The setting of interest rates (or "repurchase rates") varies from country to country, as well as with the independence of the central bank.
There are a number of measurements and indices that central bankers can take into account:
- Consumer Price Inflation (CPI): An official "basket" of consumer items is set and each month the price of these is compared to the previous month and the rate of inflation (/deflation) calculated. Each country varies, some include house prices (for a defined type of house) others include rental costs. There are even different types of CPI (urban vs rural plus different product mixes). It should be clear, given this variability, that different people could choose different (and both official and consistent) measures of CPI to suite their objectives. Given this "bias" it is essential that both central banks and statistics collection be impartial.
- Producer Price Inflation (PPI): Companies prefer to keep prices consistent and so pass on costs (or benefits) to their customers fairly slowly. There can be quite some lag stored up at the factory-side of production that could result in tremendous inflation sometime in the future. PPI attempts to gauge how much stress is being built up in an economy that could result in price rises, employee layoffs or even insolvencies. It is, similarly to CPI, based on a basket of goods.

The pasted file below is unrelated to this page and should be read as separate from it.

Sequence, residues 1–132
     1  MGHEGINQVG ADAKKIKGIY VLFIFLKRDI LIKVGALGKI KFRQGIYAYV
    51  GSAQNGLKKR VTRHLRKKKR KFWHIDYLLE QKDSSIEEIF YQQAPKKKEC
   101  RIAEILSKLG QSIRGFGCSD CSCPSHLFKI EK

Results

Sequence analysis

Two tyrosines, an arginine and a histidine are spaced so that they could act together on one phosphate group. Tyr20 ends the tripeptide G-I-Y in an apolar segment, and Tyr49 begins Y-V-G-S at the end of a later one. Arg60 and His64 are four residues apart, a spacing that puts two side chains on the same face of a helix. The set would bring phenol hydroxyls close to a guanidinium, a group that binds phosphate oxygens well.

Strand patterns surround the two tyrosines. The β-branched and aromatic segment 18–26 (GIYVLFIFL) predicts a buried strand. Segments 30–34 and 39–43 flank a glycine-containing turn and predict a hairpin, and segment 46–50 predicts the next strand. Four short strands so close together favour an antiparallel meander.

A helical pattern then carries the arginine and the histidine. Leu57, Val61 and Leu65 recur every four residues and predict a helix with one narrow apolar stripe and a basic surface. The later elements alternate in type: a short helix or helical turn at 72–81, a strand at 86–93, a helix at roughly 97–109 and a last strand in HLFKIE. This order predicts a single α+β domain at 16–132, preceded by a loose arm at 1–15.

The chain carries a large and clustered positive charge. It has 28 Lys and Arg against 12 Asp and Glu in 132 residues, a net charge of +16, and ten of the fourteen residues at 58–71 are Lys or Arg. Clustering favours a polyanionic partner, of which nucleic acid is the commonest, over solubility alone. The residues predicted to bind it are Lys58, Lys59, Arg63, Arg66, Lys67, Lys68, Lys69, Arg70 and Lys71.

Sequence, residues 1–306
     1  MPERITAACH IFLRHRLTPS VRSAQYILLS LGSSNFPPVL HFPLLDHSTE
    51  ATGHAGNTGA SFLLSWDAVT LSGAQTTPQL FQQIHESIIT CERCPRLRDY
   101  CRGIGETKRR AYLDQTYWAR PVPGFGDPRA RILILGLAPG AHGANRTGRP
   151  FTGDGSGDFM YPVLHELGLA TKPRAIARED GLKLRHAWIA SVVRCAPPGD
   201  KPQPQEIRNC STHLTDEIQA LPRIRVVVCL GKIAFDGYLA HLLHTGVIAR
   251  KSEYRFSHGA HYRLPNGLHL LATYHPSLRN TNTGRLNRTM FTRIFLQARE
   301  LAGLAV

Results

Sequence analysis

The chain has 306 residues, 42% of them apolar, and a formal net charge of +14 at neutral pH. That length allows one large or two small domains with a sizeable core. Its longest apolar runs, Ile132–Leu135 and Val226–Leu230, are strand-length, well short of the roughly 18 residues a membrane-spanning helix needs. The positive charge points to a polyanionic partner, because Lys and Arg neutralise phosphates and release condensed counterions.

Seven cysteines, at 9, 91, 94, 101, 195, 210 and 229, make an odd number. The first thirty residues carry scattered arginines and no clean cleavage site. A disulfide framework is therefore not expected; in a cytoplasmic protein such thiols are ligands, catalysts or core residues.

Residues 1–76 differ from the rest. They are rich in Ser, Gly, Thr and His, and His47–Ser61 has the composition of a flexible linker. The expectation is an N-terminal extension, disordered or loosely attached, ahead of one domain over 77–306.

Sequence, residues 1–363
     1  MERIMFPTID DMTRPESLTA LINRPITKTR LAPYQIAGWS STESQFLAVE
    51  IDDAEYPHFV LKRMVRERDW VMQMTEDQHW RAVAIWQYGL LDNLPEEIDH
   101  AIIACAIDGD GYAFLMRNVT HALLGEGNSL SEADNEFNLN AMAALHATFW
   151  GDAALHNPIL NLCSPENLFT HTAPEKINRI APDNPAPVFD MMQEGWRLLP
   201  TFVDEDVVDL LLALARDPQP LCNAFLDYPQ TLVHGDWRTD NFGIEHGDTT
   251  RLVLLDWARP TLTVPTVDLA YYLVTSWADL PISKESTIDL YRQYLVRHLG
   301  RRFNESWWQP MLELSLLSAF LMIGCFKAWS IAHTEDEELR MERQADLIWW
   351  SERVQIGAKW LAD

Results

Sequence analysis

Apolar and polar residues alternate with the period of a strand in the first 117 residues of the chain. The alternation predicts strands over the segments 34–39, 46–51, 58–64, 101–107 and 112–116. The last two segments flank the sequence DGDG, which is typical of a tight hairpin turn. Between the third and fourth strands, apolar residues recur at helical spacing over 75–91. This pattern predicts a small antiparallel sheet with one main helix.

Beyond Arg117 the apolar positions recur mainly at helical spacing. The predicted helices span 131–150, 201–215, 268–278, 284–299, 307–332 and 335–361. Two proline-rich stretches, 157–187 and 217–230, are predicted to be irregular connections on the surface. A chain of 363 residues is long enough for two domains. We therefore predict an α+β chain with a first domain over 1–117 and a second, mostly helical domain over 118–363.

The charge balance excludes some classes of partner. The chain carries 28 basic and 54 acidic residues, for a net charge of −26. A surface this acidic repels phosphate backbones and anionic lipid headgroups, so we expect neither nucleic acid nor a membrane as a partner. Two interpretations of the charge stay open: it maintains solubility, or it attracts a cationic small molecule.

- Money Supply: This is a measure of the amount of money available in an economy (and, again, there are numerous different definitions and baskets for analysis). A rapid growth in money supply but with minimal economic growth is likely to lead to increased PPI and CPI. Money supply can include credit demand. Credit spent on consumption is different from credit spent on capital. So money supply is simply an early indicator of potential trouble.
- Exchange Rates, GDP and Unemployment: The legislature can instruct the Central Bank regarding which factors to prioritise in setting interest rates and monetary policy. Any set of criteria can be used and, aside from the majors listed above, exchange rates, GDP and unemployment are also commonly included. Increased interest rates result in higher yields and may cause an inrush of "hot" short-term investments which can cause the currency to strengthen (which may result in higher inflation from imports, or trigger local production owing to import substitution).
This is a limited overview but should give an indication of just how complex tracking inflation is, let alone attempting to control it. House prices are in the mix but which house or which price?
The choice of what to measure faces the difficulty of attempting to find a symmetrical basket which really affects the majority regularly (and not everyone is buying several new houses a year so the majority are ring-fenced from fluctuations in prices at the capital end, but not from the interest-rate end).
And this is only when the various agencies (Statistics, Central Bank, Labour, etc.) are independent. In countries like Venezuela or Argentina, government has taken over release of such data and it is frequently at odds with individual experience.
Links for the US:
And, for Australia: